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Review by David C. Litt

Funding the Enemy: How US Taxpayers Bankroll the Taliban, By Douglas A. Wissing. New York: Prometheus Books, 2012, ISBN: 978-1616146030, 375 pp. $25.00

Afghanistan was the war of necessity. Our intervention should have been the model of coalition collaboration in support of our common security interests. It should have disrupted, dismantled or defeated entrenched extremism and reversed the tide of injustice inside a failing state. It should have matched global resources with crushing needs.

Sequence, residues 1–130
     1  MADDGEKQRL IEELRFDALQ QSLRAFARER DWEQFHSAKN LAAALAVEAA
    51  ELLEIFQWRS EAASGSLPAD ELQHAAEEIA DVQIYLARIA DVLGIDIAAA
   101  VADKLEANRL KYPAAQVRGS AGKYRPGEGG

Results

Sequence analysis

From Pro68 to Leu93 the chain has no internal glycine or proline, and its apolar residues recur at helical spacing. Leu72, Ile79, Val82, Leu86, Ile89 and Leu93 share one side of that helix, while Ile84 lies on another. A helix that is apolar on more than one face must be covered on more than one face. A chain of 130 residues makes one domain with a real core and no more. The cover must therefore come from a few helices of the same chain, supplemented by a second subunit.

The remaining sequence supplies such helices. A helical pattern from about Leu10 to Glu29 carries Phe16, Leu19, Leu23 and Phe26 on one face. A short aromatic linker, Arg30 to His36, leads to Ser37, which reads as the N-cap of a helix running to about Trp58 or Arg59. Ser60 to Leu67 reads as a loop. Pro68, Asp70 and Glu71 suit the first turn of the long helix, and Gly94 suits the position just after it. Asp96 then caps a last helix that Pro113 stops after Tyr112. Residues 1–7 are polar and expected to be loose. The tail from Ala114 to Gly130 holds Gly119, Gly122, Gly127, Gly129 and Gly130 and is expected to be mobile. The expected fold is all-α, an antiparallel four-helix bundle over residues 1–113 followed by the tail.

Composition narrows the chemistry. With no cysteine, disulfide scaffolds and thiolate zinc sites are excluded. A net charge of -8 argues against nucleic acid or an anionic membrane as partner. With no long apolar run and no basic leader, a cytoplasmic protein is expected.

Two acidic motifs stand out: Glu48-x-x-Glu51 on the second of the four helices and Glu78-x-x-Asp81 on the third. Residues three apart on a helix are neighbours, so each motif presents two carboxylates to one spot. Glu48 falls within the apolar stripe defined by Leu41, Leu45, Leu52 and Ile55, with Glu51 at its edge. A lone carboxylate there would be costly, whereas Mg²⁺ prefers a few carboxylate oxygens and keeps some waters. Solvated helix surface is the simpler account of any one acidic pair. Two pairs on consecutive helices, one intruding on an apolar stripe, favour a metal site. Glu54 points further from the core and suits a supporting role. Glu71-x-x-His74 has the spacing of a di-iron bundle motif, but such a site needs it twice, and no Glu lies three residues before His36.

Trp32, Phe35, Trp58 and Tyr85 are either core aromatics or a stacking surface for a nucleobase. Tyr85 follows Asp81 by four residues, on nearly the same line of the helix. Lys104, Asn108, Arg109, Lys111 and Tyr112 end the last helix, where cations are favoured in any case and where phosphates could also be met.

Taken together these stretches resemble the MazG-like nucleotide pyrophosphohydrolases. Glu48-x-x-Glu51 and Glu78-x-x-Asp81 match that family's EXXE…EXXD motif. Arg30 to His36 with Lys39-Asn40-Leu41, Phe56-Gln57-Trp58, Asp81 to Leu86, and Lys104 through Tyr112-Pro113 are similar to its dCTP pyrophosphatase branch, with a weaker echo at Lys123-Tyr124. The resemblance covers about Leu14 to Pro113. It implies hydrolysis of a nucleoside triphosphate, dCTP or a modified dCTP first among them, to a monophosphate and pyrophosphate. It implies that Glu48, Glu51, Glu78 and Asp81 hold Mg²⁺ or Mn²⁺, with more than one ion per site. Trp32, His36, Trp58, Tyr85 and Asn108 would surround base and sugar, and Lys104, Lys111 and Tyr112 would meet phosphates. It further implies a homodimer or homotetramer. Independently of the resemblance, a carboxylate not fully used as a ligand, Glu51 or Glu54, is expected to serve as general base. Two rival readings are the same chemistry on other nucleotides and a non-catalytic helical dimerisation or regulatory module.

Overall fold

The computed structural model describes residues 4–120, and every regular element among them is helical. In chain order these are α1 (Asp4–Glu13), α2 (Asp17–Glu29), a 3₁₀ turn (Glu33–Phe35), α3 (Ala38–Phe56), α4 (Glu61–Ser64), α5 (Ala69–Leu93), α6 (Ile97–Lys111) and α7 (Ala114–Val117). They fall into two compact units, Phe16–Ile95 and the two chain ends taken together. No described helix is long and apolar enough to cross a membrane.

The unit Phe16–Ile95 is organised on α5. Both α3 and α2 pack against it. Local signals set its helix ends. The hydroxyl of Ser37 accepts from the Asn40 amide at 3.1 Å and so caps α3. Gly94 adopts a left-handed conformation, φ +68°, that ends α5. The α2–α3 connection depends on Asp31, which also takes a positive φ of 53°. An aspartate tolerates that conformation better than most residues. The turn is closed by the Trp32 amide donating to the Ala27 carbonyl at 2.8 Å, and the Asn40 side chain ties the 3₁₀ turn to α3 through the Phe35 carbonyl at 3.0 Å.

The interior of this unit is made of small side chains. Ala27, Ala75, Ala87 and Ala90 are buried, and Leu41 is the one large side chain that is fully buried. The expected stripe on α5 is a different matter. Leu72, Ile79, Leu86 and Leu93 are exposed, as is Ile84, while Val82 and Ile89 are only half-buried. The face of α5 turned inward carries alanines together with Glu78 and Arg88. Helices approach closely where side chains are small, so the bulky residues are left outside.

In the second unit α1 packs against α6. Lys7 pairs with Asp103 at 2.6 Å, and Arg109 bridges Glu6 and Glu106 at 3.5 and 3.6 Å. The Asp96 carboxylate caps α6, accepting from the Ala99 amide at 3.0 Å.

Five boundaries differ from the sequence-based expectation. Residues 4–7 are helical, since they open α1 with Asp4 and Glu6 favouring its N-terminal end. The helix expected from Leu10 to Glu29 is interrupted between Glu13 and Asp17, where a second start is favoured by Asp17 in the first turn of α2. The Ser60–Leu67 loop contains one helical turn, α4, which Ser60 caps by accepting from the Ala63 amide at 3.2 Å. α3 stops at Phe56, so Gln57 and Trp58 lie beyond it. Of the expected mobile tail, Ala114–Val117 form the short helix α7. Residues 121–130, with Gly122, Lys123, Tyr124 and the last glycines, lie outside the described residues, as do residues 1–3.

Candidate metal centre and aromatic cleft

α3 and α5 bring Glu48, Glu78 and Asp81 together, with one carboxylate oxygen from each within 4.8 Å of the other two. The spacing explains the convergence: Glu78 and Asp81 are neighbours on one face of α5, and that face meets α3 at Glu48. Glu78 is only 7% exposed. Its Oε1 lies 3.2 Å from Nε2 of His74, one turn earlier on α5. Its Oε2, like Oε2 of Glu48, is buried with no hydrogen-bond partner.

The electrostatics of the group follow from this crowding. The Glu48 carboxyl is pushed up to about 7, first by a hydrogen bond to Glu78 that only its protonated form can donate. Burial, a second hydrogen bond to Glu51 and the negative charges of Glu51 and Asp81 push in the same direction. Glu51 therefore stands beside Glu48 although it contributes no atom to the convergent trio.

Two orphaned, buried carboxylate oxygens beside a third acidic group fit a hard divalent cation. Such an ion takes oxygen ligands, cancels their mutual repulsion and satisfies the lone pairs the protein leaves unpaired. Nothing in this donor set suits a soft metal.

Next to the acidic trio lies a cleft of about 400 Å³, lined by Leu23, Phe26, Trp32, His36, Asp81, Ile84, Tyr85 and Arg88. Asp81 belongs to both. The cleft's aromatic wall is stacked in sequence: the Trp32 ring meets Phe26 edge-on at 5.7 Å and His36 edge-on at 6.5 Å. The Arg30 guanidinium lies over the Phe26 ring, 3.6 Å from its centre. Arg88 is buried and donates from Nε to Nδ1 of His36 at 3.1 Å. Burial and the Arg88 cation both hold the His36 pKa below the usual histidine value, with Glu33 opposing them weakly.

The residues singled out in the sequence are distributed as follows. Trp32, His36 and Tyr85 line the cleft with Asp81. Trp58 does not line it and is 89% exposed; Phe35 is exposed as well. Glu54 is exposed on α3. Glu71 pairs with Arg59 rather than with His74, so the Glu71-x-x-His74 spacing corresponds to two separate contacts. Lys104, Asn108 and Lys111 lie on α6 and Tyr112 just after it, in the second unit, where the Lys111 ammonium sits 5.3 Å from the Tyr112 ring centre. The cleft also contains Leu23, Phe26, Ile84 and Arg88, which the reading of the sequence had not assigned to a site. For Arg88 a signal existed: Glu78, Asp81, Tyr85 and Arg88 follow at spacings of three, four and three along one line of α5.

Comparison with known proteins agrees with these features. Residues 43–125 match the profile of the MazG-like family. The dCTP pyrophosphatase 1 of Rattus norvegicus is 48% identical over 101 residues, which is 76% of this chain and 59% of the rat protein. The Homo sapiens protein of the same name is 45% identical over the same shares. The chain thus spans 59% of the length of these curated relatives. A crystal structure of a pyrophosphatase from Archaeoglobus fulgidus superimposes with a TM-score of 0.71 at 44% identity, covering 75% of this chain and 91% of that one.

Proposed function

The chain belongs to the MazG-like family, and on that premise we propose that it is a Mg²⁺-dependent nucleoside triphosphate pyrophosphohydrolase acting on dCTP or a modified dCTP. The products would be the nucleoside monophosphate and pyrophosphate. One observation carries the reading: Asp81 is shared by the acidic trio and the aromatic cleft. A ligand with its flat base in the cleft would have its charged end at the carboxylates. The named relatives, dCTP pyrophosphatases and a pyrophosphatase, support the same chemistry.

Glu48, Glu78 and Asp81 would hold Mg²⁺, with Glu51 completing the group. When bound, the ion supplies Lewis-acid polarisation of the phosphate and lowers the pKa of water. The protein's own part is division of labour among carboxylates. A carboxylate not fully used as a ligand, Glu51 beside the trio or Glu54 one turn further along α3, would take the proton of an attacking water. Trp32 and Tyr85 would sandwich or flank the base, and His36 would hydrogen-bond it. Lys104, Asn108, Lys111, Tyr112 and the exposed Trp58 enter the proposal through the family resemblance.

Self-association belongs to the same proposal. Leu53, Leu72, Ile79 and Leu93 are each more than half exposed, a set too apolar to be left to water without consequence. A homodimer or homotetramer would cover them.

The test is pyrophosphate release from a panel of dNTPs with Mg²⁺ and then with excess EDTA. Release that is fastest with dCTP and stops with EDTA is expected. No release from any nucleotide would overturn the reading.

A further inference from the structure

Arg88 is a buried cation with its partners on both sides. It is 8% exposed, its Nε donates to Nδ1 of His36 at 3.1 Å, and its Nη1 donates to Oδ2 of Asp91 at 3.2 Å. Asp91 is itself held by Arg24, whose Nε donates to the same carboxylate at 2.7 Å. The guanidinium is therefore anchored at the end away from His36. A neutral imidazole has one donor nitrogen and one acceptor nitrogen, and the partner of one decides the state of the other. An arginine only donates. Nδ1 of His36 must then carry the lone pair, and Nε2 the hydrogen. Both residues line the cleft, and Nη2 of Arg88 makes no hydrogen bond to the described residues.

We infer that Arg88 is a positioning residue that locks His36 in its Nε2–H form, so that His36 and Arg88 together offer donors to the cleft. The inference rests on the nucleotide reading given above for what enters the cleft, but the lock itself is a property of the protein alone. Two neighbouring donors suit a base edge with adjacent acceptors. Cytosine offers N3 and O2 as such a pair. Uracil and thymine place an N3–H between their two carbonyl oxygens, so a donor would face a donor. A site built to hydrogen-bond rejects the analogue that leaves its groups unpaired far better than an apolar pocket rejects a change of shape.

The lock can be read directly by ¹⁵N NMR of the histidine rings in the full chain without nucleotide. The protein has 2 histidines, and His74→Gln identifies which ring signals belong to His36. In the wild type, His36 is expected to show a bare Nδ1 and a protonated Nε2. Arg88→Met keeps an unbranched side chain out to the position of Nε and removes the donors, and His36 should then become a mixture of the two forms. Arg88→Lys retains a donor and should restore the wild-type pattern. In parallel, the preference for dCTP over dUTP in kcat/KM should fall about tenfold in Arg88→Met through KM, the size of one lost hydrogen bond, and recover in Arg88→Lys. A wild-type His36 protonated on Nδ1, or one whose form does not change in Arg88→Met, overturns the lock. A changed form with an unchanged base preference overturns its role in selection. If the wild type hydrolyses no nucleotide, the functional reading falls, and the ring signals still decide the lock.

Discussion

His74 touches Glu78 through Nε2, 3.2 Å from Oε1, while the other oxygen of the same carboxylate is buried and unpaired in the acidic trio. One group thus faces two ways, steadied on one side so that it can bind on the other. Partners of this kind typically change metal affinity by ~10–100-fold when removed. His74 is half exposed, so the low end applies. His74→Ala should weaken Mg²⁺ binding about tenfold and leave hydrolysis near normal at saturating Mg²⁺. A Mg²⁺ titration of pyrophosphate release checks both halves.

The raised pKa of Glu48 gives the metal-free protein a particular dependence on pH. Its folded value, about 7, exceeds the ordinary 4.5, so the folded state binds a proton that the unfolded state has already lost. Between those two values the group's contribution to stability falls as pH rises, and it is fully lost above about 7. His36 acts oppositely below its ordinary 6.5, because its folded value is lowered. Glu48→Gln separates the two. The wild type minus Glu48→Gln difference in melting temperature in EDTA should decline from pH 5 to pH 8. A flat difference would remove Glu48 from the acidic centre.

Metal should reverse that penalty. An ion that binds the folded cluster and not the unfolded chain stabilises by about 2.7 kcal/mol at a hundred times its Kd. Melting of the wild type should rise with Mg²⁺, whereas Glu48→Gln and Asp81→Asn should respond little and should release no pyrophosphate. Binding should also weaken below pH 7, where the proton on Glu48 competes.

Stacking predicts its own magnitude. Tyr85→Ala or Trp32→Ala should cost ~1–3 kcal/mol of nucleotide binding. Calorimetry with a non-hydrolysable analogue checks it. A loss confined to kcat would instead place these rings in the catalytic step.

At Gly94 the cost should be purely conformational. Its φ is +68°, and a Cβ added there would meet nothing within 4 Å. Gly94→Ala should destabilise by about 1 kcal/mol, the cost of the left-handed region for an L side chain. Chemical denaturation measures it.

Instead, Douglas Wissing’s new book Funding the Enemy: How US Taxpayers Bankroll the Taliban shows how the U.S., in trying to dominate, rehabilitate and reconstruct a corrupt, woefully undeveloped country merely by throwing money at it, only exacerbated Afghanistan’s problems: insurgency, narcotics and corruption. In fact, he concludes that the U.S. intervention in Afghanistan over the last decade was doomed from the start, in the same way that other nations (including the UK and the Soviet Union) eventually learned in the past. Worse, Mr. Wissing laments that the U.S. did not even try to accomplish its mission seriously because it was distracted by Iraq. Throughout the book he cites anecdote after anecdote, how USG resources were misused and misdirected. To the extent any programs or projects were appropriate, he noted, the resources applied were insufficient. Mr. Wissing’s bottom line, in any event, is that the overall strategy – stabilizing a country through economic, social and political development – was wrong-headed, since the assertion that development produces stability is unproven, he argues. To add insult to injury, the U.S. actors in this drama were themselves incompetent, corrupt, venal, lazy, fat and nubile, with no redeeming qualities and no measurable successes. (The tendentious references to overweight men and young, blond females were repeated, with knowing winks and nods, many times.) Mr. Wissing’s conclusion – stated in the last paragraph of the book – is that the U.S. needs to leave Afghanistan now. And, by the way, in the same paragraph, the U.S. must somehow “prepare to help with the enormous humanitarian crisis that will predictably follow the inevitable fall of the corrupt Kabul government to the Taliban….” A curious epilogue to a book that devotes over 250 pages to show how incapable and incompetent the U.S. has been to do just that.